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Staple maize price inflation potentially back at double figures in 2019 – South Africa

Given concerns regarding the impact of El Niño and the general lack of rainfall in many key maize production regions, futures prices have spiralled over the past week. This raises concerns about staple maize inflation, as well as the financial position of many producers, especially in the western production regions that have experienced multiple droughts over the past five years.

According to the seasonal climate watch published by the South African Weather Service, El Niño-Southern Oscillation (ENSO) was in a neutral phase early November with most models indicating a strong strengthening towards an El Niño phase in the early summer season2 . This strengthening however, was not expected to have an influence on South Africa during the first half of summer (El Niño episodes are associated with hotter and drier summer seasons), with an expectation of sufficient but inconsistent rain.

During the early summer (Nov-Dec-Jan), abovenormal rainfall conditions were expected for parts of the summer rainfall areas, while below-normal was expected for the summer rainfall areas during mid-summer (Dec-Jan-Feb) and for the far north-eastern parts during late-summer (Jan-Feb-Mar).

To provide some information on how the season is unfolding, BFAP evaluated rainfall and planting progress in a number of key districts. Based on TRMM satellite rainfall data1 , compares the rainfall recorded between 1 October and 10 December 2018 to the 10-year average rainfall between 1 Oct and 10 Dec; the shares indicate 1 Oct to 10 Dec rainfall as a fraction of long term average season rainfall (October – March).

It is clear that the eastern parts of the summer production region have under performed with respect to rainfall to date: in Mpumalanga, Standerton has received less than 50mm rain in the current season representing only 10% of the long term total season rainfall. In Harrismith (eastern Free State), a similar trend was observed: 47mm has been recorded between 1 October and 10 December - only 10% of the 10-year average seasonal rainfall.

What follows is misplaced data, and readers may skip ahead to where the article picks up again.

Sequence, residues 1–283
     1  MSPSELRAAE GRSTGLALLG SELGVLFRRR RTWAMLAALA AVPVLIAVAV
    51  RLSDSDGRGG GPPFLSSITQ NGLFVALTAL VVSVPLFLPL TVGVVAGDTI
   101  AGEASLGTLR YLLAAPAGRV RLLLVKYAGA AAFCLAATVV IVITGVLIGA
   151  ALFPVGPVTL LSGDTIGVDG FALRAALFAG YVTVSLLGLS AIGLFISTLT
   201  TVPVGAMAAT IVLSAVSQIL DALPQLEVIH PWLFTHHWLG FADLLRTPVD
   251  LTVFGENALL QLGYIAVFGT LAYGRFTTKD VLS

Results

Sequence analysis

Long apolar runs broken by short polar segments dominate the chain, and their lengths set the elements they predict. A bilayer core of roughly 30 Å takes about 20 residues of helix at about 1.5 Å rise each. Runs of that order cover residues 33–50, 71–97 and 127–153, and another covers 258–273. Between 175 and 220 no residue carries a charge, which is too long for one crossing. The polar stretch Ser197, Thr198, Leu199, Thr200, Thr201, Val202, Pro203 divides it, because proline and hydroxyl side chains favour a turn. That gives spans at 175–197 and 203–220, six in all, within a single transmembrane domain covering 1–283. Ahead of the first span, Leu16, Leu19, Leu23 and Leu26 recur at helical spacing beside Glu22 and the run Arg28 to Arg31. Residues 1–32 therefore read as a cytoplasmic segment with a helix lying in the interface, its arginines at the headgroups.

These are the regions where the ideal planting window closes very quickly towards the end of November and Grain SA estimates that approximately 95% of the intended maize has been planted. The lack of follow-up rain is already affecting the potential size of the crop. In the western parts of the country, indications are that as little as 5% of the intended maize has been planted. Rainfall is extremely “spotty” with areas like Schweizer-Reneke receiving way below normal rainfall and the Bultfontein area receiving some early rains but very little follow up.

While the initial expectation pointed to “above-normal” early summer (Nov-Oct-Dec) rainfall, illustrates that below normal rainfall realised in large parts of the summer production region. Furthermore, the data to date supports the expected higher frequency and longer duration of dry spells (periods without rain) during the 2018/2019 summer season. Irregular and unevenly distributed rainfall will significantly influence district specific production conditions for this season. 

BFAP’s Baseline for the 2018/19 season projected a total white and yellow maize crop of 12.9 million tons, taking the intentions . of the Crop Estimates Committee into consideration. Based on the latest rainfall statistics, the BFAP model is projecting an alternative scenario of a total maize crop of 10.4 million tons, with 2019 white maize prices increasing year-on-year by 24% and consequently maize meal prices by 12% due to much lower stock levels. This scenario was simulated taking into consideration the latest rainfall forecasts for December. If this forecast does not materialise, the outlook for the maize crop will be more bearish. The maize market is extremely volatile, with prospects changing by the day. The production outlook can quickly turn more positive if wide-spread rains are received.

This will halt the damage to the crop in the East and get planters into the field in the West. Just the past season, SA farmers illustrated their planting capacity. When rains finally came at the end of December, the West literally filled all the intended hectares within a week, running high-tech machines day and night. Consequently, SA managed to produce a surplus crop of 12.9 million tons that boosted stock levels to well over 3 million tons. Weather-wise, the next three weeks will be the most critical period for staple food inflation for the next year.


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